A Modi supporter after a rally in Gurgaon on the outskirts of New Delhi, April 3, 2014.
Adnan Abidi / Courtesy Reuters

Between April 7 and May 12, some 814 million Indian voters will have a chance to exercise their fundamental democratic rights by selecting a new government. In a country that has faced scrutiny for its chaotic administration, contentious politics, and vast inequity, the democratic process will unfold in routine and expected ways. Despite India’s massive corruption problems, the ballot will be mostly free and fair. Voter turnout from all classes, and particularly the poor, will be substantial. Following a more recent precedent, no single party will gain an absolute majority in parliament. And, in the aftermath of a relatively smooth transfer of power, the new government will take the reins and begin the task of forming a cabinet.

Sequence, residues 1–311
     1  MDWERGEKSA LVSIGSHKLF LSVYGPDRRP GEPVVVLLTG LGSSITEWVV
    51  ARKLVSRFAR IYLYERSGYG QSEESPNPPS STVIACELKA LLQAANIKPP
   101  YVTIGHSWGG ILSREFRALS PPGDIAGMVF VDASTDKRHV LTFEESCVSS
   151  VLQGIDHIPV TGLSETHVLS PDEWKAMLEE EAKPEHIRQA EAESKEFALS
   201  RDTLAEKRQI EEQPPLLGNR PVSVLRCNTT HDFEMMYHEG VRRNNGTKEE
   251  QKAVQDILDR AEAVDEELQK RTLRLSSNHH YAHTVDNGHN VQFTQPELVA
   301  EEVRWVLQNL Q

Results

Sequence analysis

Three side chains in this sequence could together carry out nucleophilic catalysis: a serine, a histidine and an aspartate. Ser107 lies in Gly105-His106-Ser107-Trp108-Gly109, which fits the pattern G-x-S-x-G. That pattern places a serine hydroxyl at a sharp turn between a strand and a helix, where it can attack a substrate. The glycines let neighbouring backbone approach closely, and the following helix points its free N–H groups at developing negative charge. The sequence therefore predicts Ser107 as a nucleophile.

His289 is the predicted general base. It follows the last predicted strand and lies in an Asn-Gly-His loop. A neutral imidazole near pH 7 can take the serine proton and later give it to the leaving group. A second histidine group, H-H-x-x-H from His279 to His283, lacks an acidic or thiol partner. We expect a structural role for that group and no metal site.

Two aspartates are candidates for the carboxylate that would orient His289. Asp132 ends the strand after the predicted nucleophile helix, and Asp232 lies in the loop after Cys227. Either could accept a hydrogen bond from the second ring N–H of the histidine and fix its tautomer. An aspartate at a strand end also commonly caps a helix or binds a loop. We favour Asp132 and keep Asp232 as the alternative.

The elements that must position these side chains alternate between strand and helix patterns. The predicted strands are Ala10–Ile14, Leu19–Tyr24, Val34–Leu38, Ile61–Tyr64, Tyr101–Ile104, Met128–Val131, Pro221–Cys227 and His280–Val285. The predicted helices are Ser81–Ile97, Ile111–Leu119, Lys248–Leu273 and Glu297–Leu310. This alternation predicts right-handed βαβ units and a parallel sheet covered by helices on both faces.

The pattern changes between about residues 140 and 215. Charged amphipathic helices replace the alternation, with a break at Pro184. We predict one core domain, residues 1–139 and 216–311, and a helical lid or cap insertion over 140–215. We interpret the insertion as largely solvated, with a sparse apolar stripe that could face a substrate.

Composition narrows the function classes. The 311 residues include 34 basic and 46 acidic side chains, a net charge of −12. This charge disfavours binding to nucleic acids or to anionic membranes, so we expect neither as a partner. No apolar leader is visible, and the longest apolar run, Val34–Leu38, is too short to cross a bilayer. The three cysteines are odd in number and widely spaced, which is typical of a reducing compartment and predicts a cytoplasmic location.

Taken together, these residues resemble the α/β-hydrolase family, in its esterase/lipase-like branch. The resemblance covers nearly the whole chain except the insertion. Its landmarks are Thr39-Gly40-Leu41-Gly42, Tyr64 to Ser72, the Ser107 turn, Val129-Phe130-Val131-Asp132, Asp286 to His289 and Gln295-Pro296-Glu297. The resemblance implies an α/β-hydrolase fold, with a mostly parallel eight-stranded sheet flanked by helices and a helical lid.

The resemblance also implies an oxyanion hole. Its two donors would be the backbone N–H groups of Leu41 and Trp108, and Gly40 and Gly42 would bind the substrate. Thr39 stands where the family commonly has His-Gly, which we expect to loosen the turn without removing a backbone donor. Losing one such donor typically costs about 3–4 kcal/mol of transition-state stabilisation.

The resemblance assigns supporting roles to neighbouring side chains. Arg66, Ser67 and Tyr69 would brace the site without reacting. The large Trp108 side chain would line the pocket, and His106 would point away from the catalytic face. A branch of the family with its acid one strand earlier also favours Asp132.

Predictability also applies to foreign policy. Observers in the United States blanch at the prospect of a Prime Minister Narendra Modi, the candidate of the right-wing Bharatiya Janata Party (BJP), whom they believe may

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  • MANJARI CHATTERJEE MILLER is Assistant Professor of International Relations at Boston University. She is the author of Wronged by Empire: Post-imperial Ideology and Foreign Policy in India and China.
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